"You just have to take a personal stance and say, 'this isn't OK for me,' " Constantin said.

Even some longtime Spanish Town participants were unsure about whether they would join in again. Erin Rolfes has been marching with the Prancing Babycakes for nine years, but her all-female krewe was especially concerned after last year's parade.

They met with Spanish Town board members in November, along with a member of the krewe that made "Pink Lives Matter" jokes last year, and Rolfes said it was a helpful experience for everyone. Her group decided to march again to show the inclusiveness that they want the whole parade to embody, and the Spanish Town board recently shared a letter from the Prancing Babycakes about their hope to "let revelers of all backgrounds know Spanish Town is for them."

Spanish Town 2017 queen Jenny Bourgeois, a BRPD corporal, asked that people recognize the good that the Spanish Town organization does. The Mystic Krewe for the Preservation of Lagniappe in Louisiana, the parade's nonprofit organization and focuses on charitable giving. The group's 990 tax form filed in 2015 shows it gave $97,440 in donations to charitable, educational and cultural groups that year.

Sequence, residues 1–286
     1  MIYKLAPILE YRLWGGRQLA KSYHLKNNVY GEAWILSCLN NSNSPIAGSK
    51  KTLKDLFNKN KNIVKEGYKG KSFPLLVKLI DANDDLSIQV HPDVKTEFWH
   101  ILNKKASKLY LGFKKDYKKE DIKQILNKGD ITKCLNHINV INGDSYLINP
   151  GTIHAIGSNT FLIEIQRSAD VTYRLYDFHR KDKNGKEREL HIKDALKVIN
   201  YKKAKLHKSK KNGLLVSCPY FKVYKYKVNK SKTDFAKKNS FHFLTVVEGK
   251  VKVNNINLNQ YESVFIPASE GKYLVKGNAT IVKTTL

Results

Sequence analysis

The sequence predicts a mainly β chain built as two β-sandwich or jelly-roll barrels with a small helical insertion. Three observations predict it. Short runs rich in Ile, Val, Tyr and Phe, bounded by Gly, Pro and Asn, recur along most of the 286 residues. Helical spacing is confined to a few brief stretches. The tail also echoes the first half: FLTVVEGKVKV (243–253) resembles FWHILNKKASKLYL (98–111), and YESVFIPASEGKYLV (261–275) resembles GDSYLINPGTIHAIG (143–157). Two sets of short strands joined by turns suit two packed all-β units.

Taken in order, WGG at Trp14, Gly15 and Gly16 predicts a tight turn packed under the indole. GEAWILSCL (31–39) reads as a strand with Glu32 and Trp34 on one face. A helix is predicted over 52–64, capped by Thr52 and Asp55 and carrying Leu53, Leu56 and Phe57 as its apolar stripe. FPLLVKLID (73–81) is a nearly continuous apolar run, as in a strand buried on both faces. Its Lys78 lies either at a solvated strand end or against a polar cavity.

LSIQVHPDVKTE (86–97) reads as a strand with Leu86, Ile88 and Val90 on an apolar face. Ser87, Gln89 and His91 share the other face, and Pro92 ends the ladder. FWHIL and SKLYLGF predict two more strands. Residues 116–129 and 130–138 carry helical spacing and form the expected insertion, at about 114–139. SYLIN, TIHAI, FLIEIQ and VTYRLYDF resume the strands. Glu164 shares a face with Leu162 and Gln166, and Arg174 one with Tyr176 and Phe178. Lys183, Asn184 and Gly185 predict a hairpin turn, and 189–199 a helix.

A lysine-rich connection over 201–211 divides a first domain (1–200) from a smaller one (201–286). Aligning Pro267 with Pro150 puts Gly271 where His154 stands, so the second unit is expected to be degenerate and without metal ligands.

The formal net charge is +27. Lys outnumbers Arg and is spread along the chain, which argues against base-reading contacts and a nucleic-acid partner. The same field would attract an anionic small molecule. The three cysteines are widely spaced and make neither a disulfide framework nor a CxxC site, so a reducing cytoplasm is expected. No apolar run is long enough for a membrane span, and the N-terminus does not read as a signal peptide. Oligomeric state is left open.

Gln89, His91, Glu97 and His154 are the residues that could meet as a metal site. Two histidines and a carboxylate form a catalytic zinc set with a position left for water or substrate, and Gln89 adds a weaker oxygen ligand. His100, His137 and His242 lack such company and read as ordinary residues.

One way it raises money is by raffling off a unique pendant from Jack Hood Jewelers, and this year's diamond and pink tourmaline pendant recognizes the difficulties of 2016, with "LA, love, pride, courage, united" engraved into it. Bourgeois said it sums up her feelings about Baton Rouge and that she loves working in BRPD's 1st district, where she does not feel the divisions many talk about.

She and others are hoping Spanish Town this year will be tainted in less controversy and more remembered for being a fun expression of free speech.

"We're gonna be raunchy, we're gonna be shocking, we're gonna be borderline distasteful," said Jeremy White, publisher of the satirical Red Shtick website and a Spanish Town rider. "But in a fun way, and we're going to try to lead by example."

Follow Andrea Gallo on Twitter, @aegallo.​